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At the Institute’s core is the Gilder Lehrman Collection, one of the great archives in American history. More than 65,000 items cover five hundred years of American history, from Columbus’s 1493 letter describing the New World to soldiers’ letters from World War II and Vietnam. Explore primary sources, visit exhibitions in person or online, or bring your class on a field trip.

Garrison, William Lloyd (1805-1879) to Ebenezer Dole

Gilder Lehrman Collection #: GLC04516 Author/Creator: Garrison, William Lloyd (1805-1879) Place Written: Baltimore, Maryland Type: Autograph letter signed Date: 14 July 1830 Pagination: 1

Summary of Content: Signed twice (once struck out) by the famous abolitionist editor Garrison to Dole. Was writing to thank Dole for the 100 dollars he sent. Garrison did not know Dole before he sent the money. Speaks of his prison time for libel in Baltimore a month before and compares it to slavery, saying how much better his condition was. Says "Ah! dear sir, how wide the difference!" He goes on to eloquently contrast a free person who is put in prison to a black slave on a plantation. Also says he is shocked that the North does not understand the horrors of slavery, "their prejudices were invincible - stronger, if possible, than those of slaveholders." Says he sees the 100 dollars as a loan with interest and signs a receipt at the bottom of page three, witnessed by Isaac Knapp. The receipt is crossed out, possibly by Dole.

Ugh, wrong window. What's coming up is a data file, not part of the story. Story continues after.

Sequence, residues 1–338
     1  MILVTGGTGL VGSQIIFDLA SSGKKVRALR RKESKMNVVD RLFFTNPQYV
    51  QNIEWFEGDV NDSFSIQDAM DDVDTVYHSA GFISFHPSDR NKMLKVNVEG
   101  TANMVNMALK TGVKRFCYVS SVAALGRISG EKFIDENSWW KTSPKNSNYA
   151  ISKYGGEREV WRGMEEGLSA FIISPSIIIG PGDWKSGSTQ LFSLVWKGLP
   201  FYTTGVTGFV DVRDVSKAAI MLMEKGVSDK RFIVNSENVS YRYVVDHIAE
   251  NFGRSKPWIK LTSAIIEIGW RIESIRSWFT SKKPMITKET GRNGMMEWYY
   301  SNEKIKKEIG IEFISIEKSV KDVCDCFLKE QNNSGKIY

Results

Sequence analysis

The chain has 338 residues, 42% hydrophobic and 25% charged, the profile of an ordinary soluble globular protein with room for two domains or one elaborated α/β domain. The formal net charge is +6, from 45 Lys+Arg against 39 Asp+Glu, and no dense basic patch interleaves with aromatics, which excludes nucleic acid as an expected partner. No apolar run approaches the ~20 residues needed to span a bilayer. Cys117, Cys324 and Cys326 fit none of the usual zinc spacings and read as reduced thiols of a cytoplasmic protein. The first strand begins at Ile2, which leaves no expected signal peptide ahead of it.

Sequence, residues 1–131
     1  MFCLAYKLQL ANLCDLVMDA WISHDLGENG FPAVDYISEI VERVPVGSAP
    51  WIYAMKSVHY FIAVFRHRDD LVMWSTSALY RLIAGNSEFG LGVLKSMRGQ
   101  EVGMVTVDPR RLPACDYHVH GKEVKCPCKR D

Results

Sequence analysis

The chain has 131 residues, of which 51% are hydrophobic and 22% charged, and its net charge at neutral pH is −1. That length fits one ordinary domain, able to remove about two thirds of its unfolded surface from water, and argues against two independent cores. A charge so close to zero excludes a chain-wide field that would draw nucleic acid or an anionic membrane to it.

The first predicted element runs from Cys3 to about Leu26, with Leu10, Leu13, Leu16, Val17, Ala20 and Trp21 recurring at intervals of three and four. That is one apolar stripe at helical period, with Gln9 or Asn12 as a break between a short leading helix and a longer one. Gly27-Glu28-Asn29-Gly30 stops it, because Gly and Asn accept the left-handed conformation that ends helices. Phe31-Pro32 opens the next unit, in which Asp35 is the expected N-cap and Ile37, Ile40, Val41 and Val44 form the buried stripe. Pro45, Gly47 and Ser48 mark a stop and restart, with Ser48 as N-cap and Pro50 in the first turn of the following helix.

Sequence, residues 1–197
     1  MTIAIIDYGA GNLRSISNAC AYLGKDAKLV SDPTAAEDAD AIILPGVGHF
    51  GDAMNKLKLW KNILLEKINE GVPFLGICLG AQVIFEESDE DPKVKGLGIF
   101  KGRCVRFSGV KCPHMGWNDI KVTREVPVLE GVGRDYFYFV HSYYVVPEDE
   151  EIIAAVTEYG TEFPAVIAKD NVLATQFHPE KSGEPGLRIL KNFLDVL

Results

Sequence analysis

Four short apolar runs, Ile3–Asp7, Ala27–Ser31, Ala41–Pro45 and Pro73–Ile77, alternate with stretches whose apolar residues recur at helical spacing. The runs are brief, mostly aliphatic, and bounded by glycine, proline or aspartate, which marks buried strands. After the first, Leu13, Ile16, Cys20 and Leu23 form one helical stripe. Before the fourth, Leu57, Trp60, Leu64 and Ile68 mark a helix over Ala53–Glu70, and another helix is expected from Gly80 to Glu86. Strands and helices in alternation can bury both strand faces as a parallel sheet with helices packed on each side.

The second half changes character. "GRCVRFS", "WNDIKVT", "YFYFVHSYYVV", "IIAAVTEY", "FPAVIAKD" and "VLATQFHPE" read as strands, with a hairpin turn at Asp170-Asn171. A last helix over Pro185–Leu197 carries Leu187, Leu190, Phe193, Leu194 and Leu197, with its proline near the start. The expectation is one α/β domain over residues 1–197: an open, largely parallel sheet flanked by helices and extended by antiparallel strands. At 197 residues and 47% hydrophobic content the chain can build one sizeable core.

People: Garrison, William L.

Historical Era: National Expansion and Reform, 1815-1860

Keywords/Subjects: Reform Movement, Abolition, Finance, African American History, Slavery, Journalism, Prisoner Law

Sub Era: Slavery & Anti-slavery The First Age of Reform